Here, unemployment and youth unemployment are high and show no signs of budging.

So Bowen’s commitment for his party to work on innovation, education and industry policies that help suburban and regional Australia – not just the leafy bits of upper middle class Sydney and Melbourne – is welcome and essential for the nation.

Refreshingly Bowen also acknowledged many of the jobs that currently exist in suburban and regional Australia are very likely to be automated and that education, reskilling and investment are all critical factors in dealing with employment shifts.

A familiar tale

However we have heard this before, the Rudd Labor government came in with high hopes when it was elected in 2007 which it quickly dispelled and then compounded its errors with cancelling the COMET commercialisation program and making a mess of employee option schemes.

Given this history of poorly conceived thought bubbles posing as policy, this writer asked (or rather begged) Bowen to consult with industry and the community before announcing major policy changes – something both parties have become notorious for.

In answer to the comment about consulting with the electorate before substantive policy changes, Bowen suggested a Shorten ALP government will be requiring senior public servants to be more engaged with industry.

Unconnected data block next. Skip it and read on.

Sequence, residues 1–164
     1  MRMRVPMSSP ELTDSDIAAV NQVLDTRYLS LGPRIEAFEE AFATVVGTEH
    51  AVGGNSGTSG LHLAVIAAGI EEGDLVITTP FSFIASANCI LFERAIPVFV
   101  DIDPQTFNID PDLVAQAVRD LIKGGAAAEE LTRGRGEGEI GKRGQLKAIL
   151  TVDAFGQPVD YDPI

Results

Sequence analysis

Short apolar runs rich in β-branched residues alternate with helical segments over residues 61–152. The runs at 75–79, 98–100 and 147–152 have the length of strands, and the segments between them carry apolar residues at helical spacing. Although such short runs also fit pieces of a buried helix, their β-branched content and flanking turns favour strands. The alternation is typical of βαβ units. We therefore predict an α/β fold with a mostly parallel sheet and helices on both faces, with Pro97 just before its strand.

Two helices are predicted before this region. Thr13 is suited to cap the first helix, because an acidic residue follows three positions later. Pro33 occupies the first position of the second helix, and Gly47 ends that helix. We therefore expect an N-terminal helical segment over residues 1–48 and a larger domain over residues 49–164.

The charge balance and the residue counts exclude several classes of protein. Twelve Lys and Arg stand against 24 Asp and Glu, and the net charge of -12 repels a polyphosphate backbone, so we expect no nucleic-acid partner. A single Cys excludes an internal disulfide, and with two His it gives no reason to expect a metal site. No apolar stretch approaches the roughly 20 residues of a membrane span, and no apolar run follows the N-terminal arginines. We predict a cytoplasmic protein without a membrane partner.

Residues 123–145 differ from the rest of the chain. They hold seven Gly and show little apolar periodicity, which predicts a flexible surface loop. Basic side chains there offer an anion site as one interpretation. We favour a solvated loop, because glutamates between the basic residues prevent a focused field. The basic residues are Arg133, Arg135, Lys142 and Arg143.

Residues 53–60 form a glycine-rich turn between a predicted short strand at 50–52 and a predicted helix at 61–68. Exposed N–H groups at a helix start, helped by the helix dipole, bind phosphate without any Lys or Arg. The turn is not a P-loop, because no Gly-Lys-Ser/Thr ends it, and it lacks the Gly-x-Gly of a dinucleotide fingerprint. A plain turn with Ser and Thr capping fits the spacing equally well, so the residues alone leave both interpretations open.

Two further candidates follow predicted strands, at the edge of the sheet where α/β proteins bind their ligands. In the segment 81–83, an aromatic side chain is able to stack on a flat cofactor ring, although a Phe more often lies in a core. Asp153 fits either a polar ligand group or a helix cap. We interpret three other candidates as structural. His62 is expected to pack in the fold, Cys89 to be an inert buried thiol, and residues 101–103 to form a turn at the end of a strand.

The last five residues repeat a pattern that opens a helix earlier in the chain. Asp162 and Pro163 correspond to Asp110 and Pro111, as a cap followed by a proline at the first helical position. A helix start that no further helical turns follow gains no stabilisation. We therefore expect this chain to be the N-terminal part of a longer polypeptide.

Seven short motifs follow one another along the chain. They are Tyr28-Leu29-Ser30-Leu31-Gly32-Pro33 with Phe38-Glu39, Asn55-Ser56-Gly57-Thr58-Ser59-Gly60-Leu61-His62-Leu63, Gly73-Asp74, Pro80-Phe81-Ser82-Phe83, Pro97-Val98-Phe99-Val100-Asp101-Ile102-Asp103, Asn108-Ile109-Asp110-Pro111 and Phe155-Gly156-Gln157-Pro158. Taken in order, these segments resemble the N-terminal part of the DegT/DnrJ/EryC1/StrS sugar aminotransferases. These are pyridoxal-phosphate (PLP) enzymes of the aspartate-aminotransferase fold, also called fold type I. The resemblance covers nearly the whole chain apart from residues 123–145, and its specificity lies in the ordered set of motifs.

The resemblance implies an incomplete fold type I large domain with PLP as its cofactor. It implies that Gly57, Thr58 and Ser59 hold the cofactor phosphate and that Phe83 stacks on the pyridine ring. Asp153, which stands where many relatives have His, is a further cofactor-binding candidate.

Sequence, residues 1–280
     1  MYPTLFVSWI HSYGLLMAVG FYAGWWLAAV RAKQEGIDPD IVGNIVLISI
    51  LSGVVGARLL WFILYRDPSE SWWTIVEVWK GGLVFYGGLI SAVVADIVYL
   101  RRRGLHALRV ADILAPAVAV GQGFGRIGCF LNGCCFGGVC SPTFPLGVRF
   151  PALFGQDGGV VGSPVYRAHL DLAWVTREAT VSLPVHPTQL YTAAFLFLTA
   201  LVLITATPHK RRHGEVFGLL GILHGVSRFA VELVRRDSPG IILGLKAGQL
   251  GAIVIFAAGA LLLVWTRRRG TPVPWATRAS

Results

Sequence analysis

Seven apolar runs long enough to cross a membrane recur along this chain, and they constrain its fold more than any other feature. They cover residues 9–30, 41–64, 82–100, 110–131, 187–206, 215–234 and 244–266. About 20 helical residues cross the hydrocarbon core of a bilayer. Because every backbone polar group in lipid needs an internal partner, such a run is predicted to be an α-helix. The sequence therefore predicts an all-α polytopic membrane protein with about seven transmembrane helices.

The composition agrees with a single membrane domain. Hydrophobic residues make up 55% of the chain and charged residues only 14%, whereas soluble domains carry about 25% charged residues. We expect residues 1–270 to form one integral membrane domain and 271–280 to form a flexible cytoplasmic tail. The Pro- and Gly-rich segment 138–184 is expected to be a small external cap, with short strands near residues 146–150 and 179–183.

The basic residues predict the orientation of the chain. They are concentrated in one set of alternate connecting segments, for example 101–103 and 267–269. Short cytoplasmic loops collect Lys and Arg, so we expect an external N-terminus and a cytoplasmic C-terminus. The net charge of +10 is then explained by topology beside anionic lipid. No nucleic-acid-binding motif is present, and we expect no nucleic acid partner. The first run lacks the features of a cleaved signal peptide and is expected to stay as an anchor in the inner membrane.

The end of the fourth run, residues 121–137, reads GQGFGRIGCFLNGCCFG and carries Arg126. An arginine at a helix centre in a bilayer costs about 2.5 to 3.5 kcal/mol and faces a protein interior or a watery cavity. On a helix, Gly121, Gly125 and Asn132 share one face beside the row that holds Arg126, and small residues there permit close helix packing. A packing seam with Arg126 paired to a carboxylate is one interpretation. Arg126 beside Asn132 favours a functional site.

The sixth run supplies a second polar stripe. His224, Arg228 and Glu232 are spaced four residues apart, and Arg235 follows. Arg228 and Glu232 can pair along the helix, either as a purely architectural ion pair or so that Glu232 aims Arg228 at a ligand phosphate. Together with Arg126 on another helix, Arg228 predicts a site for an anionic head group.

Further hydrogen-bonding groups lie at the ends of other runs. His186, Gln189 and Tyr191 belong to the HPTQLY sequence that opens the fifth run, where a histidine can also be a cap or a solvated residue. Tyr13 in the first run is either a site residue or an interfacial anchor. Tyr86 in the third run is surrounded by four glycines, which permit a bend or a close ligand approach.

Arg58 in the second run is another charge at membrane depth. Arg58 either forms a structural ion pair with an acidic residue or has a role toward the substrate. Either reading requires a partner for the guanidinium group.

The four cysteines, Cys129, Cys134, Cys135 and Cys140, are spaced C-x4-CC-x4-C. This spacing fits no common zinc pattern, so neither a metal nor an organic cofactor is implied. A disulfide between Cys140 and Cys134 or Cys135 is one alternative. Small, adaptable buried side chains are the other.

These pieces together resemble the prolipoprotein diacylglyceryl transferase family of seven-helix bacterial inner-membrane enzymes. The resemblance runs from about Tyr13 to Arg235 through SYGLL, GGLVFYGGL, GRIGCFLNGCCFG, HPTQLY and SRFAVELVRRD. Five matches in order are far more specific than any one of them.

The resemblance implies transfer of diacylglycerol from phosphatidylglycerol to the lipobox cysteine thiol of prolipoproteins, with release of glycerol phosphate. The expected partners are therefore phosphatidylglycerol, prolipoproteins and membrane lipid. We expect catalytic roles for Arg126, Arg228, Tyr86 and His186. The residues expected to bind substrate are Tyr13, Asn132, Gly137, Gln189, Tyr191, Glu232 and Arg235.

Suggesting that senior public servants should engage with the community and industry is a good idea. That the idea is seen as revolutionary illustrates the problem found by former Digital Transformation Office boss Paul Shetler when he arrived in Australia with the country’s top bureaucrats being isolated and aloof from the citizens they deign to rule. This isolation is in itself a challenge facing Australian governments.

Memories of earlier oppositions

 

The Sydney tech community’s lauding Husic and Bowen bought back some memories. Fifteen years ago Australian technologists  were doing the same thing with another Labor shadow spokesperson, Kate Lundy. We ended up with factional warriors Stephen Conroy and Kim Carr when Labor finally won. While both were no doubt wonderful at delivering the numbers to party faction warlords their understanding of the changing economy was marginal at best.

While the Rudd government at least paid lip service to the Twenty-First Century, unlike the Howard government which was firmly focused on taking Australia back to the 1950s – with some degree of success it should be said, the Labor Party did little apart from getting the National Broadband Network underway.

In opposition, the Liberal Party too made similar noises however communications spokesperson Paul Fletcher, like Lundy, has been marginalised since winning power and Paul Keating’s description of Malcolm Turnbull as ‘Fizza’ has never seemed more apt since Malcolm became Prime Minister.